LOS ANGELES — “The Hammer Museum artwashes climate criminals!” shouted Yasha Levine through a megaphone in the middle of the institution’s courtyard yesterday, November 8. He and Evgenia Kovda, his wife, were there to stage a two-person protest targeting Lynda and Stewart Resnick, whose $30 million donation, the largest in the Hammer’s history, made possible a recent expansion and renovation dubbed the Lynda and Stewart Resnick Cultural Center.
But while the Resnicks may be best known for their philanthropy in Angeleno cultural circles, their vast orchards in California’s Central Valley require immense amounts of water, more than all the homes in Los Angeles combined. And it is their water use, and its environmental impacts, that were behind this action as well as another last Saturday outside of the Los Angeles County Museum of Art (LACMA), to which the Resnicks donated $45 million for a namesake exhibition pavilion.
Both the LACMA and Hammer demonstrations were admittedly small, attended only by Levine and Kovda, and somewhat awkward, more like performance art than a traditional protest. But they come in the wake of a much larger exposé on the Resnicks, a forthcoming documentary titled Pistachio Wars that Levine has been working on for the better part of a decade with his filmmaking partner Rowan Wernham.
The Resnicks’ funding of not just museums but also schools, hospitals, and community grants, is made possible by their $5 billion Wonderful Company. The agribusiness empire includes POMWonderful Pomegranate juice, Fiji Water, seedless mandarin oranges known as Cuties, and pistachios, making it the “largest agricultural company in the world,” according to Forbes. Pistachio Wars alleges that the Resnicks’ water usage has had a calamitous impact on the environment of the surrounding communities and the state as a whole.
Levine, a journalist who was researching the financial crisis of 2007–2008, traveled to California towns where the cycle of cheap mortgages, rapid development, and subsequent foreclosures had played out. In these new developments and subdivisions on the edge of California sprawl, he found that water — how to get it, from where, and from whom — was a major problem.
“How did a handful of people manage to control so much water? The deeper I got into this story, Lynda and Stewart were at the center of it,” Levine told Hyperallergic. “When I began, no one knew who they were, or if they did, it was as philanthropists.”
His interest in their story took him and Wernham to the farming towns of the Central Valley, where they found residents who lacked clean drinking water and suffered health problems allegedly as a result of Wonderful’s farming and irrigation practices. The film claims that their monumental extraction of water has drained rivers, led to the mass extinction of fish, and exacerbated the state’s ongoing drought crisis.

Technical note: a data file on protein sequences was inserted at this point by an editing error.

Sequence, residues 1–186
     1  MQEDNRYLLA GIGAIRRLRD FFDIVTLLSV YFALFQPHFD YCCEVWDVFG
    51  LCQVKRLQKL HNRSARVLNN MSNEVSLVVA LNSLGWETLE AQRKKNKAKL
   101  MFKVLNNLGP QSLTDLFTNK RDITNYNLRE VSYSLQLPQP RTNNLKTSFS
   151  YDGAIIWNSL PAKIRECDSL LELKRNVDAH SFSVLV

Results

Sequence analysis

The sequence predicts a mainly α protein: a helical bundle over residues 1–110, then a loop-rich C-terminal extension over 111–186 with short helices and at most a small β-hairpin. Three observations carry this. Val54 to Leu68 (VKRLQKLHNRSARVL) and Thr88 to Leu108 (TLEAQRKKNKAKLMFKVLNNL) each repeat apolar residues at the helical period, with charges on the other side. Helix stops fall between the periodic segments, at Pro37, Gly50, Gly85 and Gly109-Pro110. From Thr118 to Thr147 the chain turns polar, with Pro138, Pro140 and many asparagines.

The Wonderful Company has not responded to Hyperallergic‘s request for comment. LACMA and the Hammer have also not replied to inquiries.
Despite fairly exhaustive articles in Mother Jones and the Los Angeles Times, a general lack of awareness was evident on Wednesday afternoon as Levine and Kovda addressed a reserved and largely disinterested crowd of museum-goers who responded to their slogans and flyers with a mix of disdain and curiosity. “No one even knows who the fuck these people are!” scoffed one museum patron standing in the building that bears the Resnicks’ name, suggesting that the activists’ efforts could be better put to other causes.
Despite the request of museum security and three police officers for Levine and Kovda to leave, or at least stop using their bullhorn, they made their way up to the museum’s second floor, where they continued to address the crowd below. After about an hour, they went to exit through the museum’s lobby when museum director Ann Philbin emerged from the landing above them to survey the disturbance. Philbin recently announced her retirement from the museum after 25 years, a period during which she worked to transform the Hammer’s image of a vanity museum housing the collection of its namesake founder, oil tycoon Armand Hammer. Part of that transformation was a $90 million, two-decade renovation project of which the Lynda and Stewart Resnick Cultural Center was the final piece.
As Philbin turned to walk back up the stairs to her office, Levine asked her through the megaphone, “Do you know the kind of people this museum artwashes?”
Levine says he was inspired by photographer Nan Goldin’s efforts to expose the Sackler family’s role in the opioid crisis, which ultimately led to their name being removed from galleries at the Metropolitan Museum of Art, the Guggenheim Museum, and elsewhere. He recognizes, however, the challenges of demonstrating a link between the Resnicks’ agriculture practices and the state’s water crisis.
“The effect of removing so much water from natural ecosystems is not obvious … It’s not like an oil spill you can point to. It’s difficult to show the damage,” he said. “I see this as the beginning of something. Trying to get a reaction from the community, to get people to understand what’s actually happening.”